The Fallen Lawmen

While transporting the prisoners via stage, Sheriff Reynolds (right) carried a Colt .45 and a double-barreled shotgun loaded with buckshot. In addition to turning down the offer of a scout escort (Reynolds allegedly told Al Sieber “I can take those Indians alone with a corncob and a lightning bug.”), the sheriff started the trip with his horse, which he left at Riverside. Had he been on horseback, he may have averted the disastrous outcome.

Hunkydory Holmes (bottom right) had a lever action Winchester and a pistol. Middleton also carried a pistol. On the ill-fated journey, Holmes allegedly took it upon himself to cheer up the prisoners by sharing his original poetry. Here’s a few lines:

Hunkydory

Oh, I am a jolly miner lad,

Resolved to see some fun sir,

To satisfy my mind

To Phoenix town I came sir

Oh, what a pretty place

And what a charming city

Where the boys they are so gay

And the squaws they are so pretty

Aftermath: Odds & Ends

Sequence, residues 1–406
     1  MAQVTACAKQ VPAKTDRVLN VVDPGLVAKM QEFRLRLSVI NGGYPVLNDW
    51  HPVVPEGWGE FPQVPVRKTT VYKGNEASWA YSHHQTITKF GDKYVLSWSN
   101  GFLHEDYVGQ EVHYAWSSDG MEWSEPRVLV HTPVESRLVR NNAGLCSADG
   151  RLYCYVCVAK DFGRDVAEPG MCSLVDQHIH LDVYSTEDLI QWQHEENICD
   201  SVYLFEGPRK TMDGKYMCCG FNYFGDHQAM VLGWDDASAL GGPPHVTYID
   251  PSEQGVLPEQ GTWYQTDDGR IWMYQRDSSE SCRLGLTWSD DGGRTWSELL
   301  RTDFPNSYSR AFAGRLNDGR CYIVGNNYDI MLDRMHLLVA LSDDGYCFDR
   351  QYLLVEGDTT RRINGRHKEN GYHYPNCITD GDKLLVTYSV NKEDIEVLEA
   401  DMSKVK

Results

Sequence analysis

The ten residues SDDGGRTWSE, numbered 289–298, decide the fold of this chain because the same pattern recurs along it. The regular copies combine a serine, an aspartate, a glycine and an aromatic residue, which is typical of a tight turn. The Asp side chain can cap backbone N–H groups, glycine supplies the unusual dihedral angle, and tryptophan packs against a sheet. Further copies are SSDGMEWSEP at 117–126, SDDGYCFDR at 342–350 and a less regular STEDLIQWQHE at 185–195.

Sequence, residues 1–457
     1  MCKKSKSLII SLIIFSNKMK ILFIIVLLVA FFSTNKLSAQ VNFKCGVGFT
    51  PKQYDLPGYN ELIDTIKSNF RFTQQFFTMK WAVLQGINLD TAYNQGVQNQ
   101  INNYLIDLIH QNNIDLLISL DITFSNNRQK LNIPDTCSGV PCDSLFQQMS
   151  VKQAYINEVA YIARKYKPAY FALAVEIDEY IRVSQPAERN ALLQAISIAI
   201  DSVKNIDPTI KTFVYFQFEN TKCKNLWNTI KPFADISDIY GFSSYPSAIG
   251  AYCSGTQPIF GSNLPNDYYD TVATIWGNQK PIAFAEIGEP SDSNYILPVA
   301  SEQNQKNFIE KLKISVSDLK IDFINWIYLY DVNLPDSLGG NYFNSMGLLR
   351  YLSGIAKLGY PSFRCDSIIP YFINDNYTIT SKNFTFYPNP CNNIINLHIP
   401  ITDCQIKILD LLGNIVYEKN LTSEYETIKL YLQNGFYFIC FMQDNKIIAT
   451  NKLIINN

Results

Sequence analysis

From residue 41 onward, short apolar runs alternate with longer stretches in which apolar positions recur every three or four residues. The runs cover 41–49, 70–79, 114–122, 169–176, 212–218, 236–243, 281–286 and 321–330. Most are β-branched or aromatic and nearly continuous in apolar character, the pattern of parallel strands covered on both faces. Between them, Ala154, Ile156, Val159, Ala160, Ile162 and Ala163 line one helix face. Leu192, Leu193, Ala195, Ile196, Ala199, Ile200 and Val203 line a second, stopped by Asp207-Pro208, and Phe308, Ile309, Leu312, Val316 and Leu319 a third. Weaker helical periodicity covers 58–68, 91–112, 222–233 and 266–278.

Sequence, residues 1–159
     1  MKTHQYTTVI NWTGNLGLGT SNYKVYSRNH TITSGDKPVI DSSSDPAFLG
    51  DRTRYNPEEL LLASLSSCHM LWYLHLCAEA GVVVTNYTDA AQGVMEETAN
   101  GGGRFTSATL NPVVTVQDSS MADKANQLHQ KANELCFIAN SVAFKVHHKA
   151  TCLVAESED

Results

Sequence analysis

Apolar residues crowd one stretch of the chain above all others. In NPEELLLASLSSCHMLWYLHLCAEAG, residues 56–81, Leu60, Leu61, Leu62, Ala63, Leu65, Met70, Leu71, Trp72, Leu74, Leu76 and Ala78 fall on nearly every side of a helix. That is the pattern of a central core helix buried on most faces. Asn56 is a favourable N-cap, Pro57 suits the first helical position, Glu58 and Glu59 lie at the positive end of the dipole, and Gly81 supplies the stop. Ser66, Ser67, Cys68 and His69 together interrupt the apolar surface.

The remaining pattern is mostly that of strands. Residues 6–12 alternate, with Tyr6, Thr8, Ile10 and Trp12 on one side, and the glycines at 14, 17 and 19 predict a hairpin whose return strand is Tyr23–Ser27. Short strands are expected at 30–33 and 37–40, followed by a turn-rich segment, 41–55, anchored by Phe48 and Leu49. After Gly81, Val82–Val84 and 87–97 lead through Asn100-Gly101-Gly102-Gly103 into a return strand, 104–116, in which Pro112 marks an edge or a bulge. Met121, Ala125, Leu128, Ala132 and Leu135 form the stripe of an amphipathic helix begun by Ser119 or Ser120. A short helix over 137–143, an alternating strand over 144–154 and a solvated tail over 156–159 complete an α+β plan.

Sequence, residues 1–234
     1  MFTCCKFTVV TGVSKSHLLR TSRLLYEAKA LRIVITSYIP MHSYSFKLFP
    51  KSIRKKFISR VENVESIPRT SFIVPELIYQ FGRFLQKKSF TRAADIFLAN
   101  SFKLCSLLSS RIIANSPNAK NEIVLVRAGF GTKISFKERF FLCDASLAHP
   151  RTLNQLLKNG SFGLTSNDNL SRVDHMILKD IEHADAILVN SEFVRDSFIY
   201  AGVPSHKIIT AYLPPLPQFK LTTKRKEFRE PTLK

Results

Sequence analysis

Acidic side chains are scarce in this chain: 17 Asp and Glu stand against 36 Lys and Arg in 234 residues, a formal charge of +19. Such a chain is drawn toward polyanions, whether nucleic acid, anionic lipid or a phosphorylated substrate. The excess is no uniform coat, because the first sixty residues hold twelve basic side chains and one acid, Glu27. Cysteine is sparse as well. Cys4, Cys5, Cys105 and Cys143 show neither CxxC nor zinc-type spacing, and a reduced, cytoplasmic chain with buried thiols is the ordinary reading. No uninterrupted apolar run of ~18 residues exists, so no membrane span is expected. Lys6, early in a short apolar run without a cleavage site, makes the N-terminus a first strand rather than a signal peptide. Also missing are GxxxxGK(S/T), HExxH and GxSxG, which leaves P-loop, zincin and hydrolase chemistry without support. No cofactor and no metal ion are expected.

Military and civilian authorities launched a colossal manhunt for the escapees. By the summer of 1890, all the fugitives had been killed or captured—all except the Apache Kid. By 1892, the State of Arizona offered a $6,000 reward for the Kid, and several officers were given roving commands to bring in the Kid, dead or alive. No one ever claimed the reward.

Eugene Middleton survived his face wounds and ran the Riverside stage station for several years before moving to Globe where he owned a successful apartment building. He died in 1929 of natural causes. He was 68.

Some historians believe that the Kid escaped into the Sierra Madre Mountains in Old Mexico where he lived out his life.

In 1937, a Norwegian explorer and anthropologist, Helge Ingstad, heard that renegade Apaches still lived in Mexico. Traveling deep into the Sierra Madres, Ingstad claimed he found a woman, Lupe, who was thought to be the daughter of the Apache Kid.

Recommended: The Apache Kid by Phyllis de la Garza, published by Westernlore Press; Al Sieber: Chief of Scouts by Dan L. Thrapp, published by University of Oklahoma Press